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# Gaya

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Dina fisika, gaya téh nyaéta tarikan atawa dorongan anu bisa ngabalukarkeun hiji obyék nu boga massa diakselérasi (gerak tambah gancang atawa tambah laun).[1] Gaya boga badag jeung arah tujuan, anu ngajadikeun gaya salaku kuantitas véktor. Nurutkeun Hukum gerak Newton kadua, hiji obyék kalayan massa nu tetep bakal diakselérasi (tambah gancang atawa tambah laun gerakna]] proporsional jeung gaya bérésih (néto) anu nimpah kana éta obyék sarta babanding tibalik jeung massana. Gaya anu nimpah kana obyék tilu diménsi bisa ogé ngabalukarkeun obyék kasebut muter atawa ngalaman deformasi, atawa ngahasilkeun parobahan tekenan. Kacondongan hiji gaya pikeun ngabalukarkeun puteran (akselerasi sudut) sabudeureun hiji sumbu disebut torsi. Deformasi jeung tekenan mangrupa hasil tina gaya-gaya strés dina jero hiji obyék.[2][3]

 Artikel ieu keur dikeureuyeuh, ditarjamahkeun tina basa Inggris. Bantuanna didagoan pikeun narjamahkeun.

Since antiquity, scientists have used the concept of force in the study of stationary and moving objects. These studies culminated with the descriptions made by the third century BC philosopher Archimedes of how simple machines functioned. The rules Archimedes determined for how forces interact in simple machines are still a part of physics.[4] éarlier descriptions of forces by Aristotle incorporated fundamental misunderstandings which would not be corrected until the seventeenth century by Isaac Newton.[3] Newtonian descriptions of forces remained unchanged for néarly three hundred yéars.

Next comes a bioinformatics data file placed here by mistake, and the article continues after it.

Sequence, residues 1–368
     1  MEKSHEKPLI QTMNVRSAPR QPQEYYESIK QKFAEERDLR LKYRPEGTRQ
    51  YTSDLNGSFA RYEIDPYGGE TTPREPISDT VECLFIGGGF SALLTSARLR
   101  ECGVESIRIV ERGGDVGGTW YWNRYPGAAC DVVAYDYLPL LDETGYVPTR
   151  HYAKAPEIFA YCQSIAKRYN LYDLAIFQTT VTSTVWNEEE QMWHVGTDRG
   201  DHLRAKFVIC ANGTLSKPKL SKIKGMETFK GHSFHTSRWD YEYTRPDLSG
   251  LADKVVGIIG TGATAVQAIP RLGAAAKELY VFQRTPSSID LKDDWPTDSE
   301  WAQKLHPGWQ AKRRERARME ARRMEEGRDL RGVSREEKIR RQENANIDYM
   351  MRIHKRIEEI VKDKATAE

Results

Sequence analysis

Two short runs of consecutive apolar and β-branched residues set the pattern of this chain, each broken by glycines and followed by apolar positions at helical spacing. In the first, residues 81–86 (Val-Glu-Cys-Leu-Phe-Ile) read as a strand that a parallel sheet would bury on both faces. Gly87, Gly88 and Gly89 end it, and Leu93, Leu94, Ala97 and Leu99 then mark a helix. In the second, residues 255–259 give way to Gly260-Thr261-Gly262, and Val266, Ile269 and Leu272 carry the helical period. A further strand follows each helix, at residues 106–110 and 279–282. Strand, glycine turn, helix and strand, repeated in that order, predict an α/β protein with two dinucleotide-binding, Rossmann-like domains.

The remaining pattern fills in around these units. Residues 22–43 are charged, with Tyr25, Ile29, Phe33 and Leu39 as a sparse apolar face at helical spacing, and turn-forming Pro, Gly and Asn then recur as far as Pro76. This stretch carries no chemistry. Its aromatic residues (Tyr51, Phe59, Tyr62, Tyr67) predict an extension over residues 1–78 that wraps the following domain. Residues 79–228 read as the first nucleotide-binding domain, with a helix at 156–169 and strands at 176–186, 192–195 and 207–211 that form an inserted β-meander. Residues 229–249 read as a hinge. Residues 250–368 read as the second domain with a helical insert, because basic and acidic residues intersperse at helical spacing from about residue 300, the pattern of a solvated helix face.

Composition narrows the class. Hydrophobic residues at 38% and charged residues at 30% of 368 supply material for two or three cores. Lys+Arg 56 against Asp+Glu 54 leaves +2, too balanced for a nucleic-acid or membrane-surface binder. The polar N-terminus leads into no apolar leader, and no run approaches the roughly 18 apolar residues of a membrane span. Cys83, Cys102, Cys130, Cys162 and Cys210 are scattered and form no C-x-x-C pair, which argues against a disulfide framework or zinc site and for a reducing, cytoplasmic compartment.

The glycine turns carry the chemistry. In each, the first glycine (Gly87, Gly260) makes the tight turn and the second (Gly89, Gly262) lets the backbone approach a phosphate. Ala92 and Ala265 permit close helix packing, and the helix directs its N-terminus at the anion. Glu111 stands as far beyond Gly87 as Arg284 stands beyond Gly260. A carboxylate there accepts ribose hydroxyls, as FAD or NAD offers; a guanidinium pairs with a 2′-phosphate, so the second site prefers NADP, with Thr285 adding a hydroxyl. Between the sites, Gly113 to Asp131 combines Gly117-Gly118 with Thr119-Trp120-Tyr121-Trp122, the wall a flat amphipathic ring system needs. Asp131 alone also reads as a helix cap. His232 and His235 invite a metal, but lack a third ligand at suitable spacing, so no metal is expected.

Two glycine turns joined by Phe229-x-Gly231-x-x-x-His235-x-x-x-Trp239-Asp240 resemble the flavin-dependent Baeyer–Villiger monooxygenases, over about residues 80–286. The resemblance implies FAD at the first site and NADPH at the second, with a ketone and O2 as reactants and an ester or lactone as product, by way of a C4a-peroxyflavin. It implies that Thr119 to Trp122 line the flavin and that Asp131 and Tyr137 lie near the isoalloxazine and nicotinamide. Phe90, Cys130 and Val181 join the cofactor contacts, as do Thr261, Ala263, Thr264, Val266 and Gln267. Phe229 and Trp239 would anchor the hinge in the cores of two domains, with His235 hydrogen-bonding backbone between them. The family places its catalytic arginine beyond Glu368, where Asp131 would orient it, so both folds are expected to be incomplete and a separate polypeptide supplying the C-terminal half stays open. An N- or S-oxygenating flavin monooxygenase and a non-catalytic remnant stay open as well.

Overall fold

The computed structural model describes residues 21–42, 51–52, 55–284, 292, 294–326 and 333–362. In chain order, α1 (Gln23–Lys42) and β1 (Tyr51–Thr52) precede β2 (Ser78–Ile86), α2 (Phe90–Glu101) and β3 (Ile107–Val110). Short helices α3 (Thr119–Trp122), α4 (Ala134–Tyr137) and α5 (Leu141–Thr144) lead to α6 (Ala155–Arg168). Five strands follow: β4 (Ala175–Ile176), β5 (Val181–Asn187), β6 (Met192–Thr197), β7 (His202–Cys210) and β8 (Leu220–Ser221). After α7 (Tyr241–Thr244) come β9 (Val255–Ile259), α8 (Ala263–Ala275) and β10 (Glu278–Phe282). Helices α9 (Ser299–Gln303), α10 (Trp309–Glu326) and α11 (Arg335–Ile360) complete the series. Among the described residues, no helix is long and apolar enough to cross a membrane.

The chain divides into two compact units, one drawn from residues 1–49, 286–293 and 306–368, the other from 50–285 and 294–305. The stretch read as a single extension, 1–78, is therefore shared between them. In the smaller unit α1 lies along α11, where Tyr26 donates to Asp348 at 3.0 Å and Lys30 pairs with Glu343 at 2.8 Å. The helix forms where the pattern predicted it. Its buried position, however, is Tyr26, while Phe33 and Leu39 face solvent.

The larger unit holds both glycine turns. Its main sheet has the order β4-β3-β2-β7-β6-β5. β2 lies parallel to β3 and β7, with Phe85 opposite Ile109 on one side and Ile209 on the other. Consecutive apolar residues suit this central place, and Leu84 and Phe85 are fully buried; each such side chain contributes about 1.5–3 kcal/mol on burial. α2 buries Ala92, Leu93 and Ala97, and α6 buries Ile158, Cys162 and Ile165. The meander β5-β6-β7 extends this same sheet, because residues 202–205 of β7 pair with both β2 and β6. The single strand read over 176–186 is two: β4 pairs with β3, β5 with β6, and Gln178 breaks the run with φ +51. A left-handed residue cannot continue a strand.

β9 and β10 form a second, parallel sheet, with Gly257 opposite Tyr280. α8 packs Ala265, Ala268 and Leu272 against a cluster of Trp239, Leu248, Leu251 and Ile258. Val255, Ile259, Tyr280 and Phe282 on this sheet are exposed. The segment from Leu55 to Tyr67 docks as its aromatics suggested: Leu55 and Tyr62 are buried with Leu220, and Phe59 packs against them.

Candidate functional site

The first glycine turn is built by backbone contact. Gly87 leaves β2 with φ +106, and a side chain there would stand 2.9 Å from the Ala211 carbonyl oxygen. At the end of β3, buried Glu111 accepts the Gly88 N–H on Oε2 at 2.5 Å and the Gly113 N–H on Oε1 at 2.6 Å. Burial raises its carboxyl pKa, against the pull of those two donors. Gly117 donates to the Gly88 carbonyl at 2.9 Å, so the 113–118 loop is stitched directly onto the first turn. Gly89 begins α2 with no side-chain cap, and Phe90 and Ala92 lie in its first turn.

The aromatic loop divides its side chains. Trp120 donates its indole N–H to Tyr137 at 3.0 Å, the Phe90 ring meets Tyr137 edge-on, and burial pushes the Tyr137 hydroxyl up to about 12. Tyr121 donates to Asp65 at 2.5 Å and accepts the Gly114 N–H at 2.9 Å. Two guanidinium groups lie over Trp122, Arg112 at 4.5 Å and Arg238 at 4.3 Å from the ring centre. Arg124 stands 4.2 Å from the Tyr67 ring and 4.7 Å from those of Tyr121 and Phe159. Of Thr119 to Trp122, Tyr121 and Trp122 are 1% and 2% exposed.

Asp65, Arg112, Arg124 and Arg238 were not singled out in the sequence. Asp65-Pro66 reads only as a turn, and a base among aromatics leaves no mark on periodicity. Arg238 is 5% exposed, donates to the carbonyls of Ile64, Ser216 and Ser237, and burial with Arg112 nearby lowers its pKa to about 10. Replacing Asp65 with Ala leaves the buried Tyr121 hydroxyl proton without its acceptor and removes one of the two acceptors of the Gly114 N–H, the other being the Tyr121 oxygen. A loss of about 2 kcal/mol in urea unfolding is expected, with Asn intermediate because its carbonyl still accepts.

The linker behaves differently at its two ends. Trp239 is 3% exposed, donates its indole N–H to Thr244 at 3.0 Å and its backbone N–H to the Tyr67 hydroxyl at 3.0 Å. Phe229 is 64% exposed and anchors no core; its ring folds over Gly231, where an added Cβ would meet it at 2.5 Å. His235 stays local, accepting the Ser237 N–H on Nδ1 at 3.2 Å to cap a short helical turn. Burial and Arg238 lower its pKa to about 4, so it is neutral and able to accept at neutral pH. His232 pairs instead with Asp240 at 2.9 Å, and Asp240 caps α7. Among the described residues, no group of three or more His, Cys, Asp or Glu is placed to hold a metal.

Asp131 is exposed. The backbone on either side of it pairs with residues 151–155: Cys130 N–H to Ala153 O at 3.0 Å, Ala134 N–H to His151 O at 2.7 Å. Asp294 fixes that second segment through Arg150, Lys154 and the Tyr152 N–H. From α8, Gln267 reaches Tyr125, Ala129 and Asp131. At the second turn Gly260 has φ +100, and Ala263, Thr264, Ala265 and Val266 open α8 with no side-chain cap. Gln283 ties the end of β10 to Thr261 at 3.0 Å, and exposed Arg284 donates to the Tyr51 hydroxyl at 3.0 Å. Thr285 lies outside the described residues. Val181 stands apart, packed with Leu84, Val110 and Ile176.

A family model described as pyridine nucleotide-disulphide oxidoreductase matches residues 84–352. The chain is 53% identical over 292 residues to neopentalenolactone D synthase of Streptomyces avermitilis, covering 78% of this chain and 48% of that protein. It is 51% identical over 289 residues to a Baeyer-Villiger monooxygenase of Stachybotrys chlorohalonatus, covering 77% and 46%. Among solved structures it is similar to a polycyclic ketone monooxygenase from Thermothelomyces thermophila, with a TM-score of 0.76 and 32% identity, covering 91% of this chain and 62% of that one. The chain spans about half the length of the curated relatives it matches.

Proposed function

Current understanding of quantum mechanics and the standard model of particle physics associates forces with the fundamental interactions accompanying the emission or absorption of gauge bosons. Only four fundamental interactions are known: in order of decréasing strength, they are: strong, electromagnetic, weak, and gravitational.[2] High-energy particle physics observations made during the 1970s and 1980s confirmed that the wéak and electromagnetic forces are expressions of a unified electroweak interaction.[5] Einstein in his theory of general relativity explained that gravity is an attribute of the curvature of space-time.